PIERRE, S.D. — Raises for state employees, teachers and a hemp program found a home in South Dakota’s 2021 state budget after all.
Gov. Kristi Noem confirmed that she and several Republican state lawmakers agreed to allocate $19.186 million in general funds into 2% inflationary increases for teachers, providers and state employees.
The money for the raises came from the Department of Social Services and Human Services budget.
Noem said the budget cuts were due to decreases in the number of nursing home residents and declining Medicaid enrollment in the state.
Noem said that she didn’t anticipate a decrease in Medicaid enrollments for three consecutive years, noting that the downward trend isn’t typical.
Dozens of nursing homes have closed in the state in the past two years due to facilities being unable to cover the Medicaid reimbursement funding gap.
Noem said her request to forgo a 2% increase in the statewide maintenance and repair budget freed up the money to fund workforce raises.
Lawmakers gutted and passed a bill that would legalize hemp in South Dakota to merely state, "The State of South Dakota will implement a plan for hemp in South Dakota.”
House Bill 1008 was deleted entirely and made into a one-liner.
The Senate passed the bill on a 25-9 vote Monday, March 9.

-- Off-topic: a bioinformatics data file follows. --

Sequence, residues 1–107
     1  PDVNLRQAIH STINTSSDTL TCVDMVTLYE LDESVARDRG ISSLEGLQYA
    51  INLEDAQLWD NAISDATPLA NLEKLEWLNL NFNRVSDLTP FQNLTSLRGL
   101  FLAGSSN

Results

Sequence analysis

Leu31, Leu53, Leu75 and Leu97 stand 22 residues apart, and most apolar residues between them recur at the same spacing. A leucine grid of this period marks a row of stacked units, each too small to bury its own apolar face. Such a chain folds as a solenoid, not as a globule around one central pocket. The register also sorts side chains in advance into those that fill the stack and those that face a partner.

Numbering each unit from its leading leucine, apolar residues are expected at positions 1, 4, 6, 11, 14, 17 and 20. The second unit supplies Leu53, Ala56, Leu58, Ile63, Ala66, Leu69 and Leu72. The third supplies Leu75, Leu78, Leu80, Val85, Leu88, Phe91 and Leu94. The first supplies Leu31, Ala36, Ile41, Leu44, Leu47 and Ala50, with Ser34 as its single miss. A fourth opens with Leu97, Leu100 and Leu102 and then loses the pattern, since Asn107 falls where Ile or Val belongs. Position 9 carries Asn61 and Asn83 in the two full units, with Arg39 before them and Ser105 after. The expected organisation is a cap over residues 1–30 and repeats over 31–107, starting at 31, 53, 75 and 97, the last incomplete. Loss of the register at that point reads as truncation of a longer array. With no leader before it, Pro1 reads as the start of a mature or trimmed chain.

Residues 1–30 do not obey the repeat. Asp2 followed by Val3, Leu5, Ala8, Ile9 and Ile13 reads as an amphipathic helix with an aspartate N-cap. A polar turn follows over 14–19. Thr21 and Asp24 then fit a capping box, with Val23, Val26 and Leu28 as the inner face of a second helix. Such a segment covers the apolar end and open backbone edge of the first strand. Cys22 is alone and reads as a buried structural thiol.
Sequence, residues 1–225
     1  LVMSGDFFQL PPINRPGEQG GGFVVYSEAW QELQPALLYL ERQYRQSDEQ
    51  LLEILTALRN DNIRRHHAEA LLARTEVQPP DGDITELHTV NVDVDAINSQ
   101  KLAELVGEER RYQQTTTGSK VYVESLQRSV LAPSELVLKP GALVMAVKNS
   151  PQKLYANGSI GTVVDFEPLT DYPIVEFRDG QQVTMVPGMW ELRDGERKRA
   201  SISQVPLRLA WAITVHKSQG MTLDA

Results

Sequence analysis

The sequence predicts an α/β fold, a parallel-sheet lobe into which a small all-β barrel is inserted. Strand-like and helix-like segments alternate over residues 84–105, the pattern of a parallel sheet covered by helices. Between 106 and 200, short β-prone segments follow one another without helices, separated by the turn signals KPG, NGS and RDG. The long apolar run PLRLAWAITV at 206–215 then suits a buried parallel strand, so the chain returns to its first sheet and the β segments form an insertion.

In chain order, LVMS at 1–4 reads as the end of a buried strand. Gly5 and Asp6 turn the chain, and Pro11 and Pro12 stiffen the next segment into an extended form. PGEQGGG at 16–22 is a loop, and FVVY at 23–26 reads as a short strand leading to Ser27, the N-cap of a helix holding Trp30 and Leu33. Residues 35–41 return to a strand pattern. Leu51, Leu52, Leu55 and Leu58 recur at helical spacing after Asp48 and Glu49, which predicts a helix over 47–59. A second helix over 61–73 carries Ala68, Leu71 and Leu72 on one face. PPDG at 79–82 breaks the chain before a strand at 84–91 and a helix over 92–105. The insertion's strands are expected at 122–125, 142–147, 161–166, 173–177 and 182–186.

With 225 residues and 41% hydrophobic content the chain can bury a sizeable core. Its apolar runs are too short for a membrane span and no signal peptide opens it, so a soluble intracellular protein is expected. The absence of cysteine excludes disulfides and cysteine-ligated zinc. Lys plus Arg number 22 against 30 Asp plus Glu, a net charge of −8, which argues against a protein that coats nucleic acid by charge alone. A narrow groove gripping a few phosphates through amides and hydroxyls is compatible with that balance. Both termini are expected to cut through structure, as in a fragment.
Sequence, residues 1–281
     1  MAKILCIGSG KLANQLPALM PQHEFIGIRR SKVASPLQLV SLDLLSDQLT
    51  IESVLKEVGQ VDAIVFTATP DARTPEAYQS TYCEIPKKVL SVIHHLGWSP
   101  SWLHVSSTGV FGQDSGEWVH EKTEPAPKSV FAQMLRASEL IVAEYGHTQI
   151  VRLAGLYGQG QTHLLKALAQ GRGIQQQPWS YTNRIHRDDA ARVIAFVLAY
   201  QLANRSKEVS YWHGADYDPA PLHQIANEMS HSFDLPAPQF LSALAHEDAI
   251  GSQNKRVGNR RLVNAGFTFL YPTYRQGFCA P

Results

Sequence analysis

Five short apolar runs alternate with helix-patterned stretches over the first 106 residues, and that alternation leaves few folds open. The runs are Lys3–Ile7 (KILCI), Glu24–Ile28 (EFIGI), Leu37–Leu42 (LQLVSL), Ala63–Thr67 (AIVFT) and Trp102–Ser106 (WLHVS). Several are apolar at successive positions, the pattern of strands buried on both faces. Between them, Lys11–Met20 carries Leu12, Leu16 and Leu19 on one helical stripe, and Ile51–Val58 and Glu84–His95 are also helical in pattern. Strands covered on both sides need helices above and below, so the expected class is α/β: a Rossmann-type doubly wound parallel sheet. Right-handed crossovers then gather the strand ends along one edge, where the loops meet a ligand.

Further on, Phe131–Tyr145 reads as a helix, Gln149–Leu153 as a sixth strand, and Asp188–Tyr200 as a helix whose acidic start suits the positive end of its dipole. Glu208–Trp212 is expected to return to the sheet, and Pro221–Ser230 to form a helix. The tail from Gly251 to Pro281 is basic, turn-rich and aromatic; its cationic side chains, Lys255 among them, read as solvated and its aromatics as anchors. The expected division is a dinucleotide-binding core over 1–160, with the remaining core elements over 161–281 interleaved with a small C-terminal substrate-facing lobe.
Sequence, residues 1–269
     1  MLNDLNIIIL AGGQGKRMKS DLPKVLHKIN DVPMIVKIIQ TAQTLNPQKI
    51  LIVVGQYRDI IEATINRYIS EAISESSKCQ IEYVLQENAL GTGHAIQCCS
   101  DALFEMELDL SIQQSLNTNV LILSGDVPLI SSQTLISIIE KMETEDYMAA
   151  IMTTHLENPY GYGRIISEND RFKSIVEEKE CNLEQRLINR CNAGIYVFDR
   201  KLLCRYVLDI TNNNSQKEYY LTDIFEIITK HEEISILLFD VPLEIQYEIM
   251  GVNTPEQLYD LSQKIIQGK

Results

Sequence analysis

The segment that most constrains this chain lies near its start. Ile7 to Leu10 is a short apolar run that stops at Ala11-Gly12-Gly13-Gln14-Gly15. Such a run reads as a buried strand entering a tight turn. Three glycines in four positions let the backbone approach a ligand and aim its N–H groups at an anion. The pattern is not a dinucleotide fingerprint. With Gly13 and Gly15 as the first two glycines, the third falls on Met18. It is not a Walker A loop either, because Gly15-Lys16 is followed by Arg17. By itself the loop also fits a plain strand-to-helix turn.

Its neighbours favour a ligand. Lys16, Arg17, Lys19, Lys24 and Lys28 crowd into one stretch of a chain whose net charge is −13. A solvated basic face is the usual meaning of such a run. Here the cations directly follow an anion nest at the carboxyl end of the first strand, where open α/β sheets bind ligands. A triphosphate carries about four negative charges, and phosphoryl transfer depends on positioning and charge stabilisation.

The move provides a way for lawmakers to include Noem’s budget for the program, which totals $3.5 million.
Noem’s estimate includes one-time costs totaling $1.9 million and $1.6 in annual ongoing costs. Noem said that the bill would get her signature only if it met her funding requirements.
Noem and the legislators pushing the hemp bill differed in how much the bill would cost the state. Noem’s required cost estimates include hiring an additional 15 full-time state employees, such as law enforcement officers with the Department of Public Safety, and four canine units.
The state will also need to expand the evidence storage capacity in anticipation of seized property
“Remodeling of existing laboratory space will be necessary to accommodate two new chemists, new equipment, and sample preparation required for quantitative THC testing,” Noem’s estimated hemp cost document states.
“Current drug storage space is overcrowded and will not accommodate additional samples that result from the legalization of hemp. Remodel of existing space to meet Drug Enforcement Administration drug storage specifications will require considerable financial investment.”
Just over $1 million of the funds will come from the state’s general fund.
The bill will now go back to the House for consideration.